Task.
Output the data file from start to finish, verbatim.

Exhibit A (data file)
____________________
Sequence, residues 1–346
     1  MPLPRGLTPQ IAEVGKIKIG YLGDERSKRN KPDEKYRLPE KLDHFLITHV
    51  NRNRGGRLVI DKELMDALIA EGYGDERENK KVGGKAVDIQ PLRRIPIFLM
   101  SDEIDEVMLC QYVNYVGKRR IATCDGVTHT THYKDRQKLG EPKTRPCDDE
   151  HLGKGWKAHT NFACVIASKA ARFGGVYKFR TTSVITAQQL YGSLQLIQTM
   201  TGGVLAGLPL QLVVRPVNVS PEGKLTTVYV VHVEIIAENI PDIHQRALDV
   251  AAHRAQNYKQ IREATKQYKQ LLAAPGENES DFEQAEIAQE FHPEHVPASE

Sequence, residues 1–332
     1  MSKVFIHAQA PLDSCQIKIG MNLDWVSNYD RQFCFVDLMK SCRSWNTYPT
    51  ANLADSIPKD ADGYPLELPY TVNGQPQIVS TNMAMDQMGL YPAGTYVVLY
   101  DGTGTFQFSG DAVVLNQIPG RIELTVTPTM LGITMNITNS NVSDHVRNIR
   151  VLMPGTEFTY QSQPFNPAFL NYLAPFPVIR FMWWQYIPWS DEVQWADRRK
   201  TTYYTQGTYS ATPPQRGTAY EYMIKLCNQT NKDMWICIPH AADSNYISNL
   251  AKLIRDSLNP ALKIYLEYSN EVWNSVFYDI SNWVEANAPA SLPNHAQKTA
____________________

Sequence, residues 1–346
     1  MPLPRGLTPQ IAEVGKIKIG YLGDERSKRN KPDEKYRLPE KLDHFLITHV
    51  NRNRGGRLVI DKELMDALIA EGYGDERENK KVGGKAVDIQ PLRRIPIFLM
   101  SDEIDEVMLC QYVNYVGKRR IATCDGVTHT THYKDRQKLG EPKTRPCDDE
   151  HLGKGWKAHT NFACVIASKA ARFGGVYKFR TTSVITAQQL YGSLQLIQTM
   201  TGGVLAGLPL QLVVRPVNVS PEGKLTTVYV VHVEIIAENI PDIHQRALDV
   251  AAHRAQNYKQ IREATKQYKQ LLAAPGENES DFEQAEIAQE FHPEHVPASE

Sequence, residues 1–332
     1  MSKVFIHAQA PLDSCQIKIG MNLDWVSNYD RQFCFVDLMK SCRSWNTYPT
    51  ANLADSIPKD ADGYPLELPY TVNGQPQIVS TNMAMDQMGL YPAGTYVVLY
   101  DGTGTFQFSG DAVVLNQIPG RIELTVTPTM LGITMNITNS NVSDHVRNIR
   151  VLMPGTEFTY QSQPFNPAFL NYLAPFPVIR FMWWQYIPWS DEVQWADRRK
   201  TTYYTQGTYS ATPPQRGTAY EYMIKLCNQT NKDMWICIPH AADSNYISNL
   251  AKLIRDSLNP ALKIYLEYSN EVWNSVFYDI SNWVEANAPA SLPNHAQKTA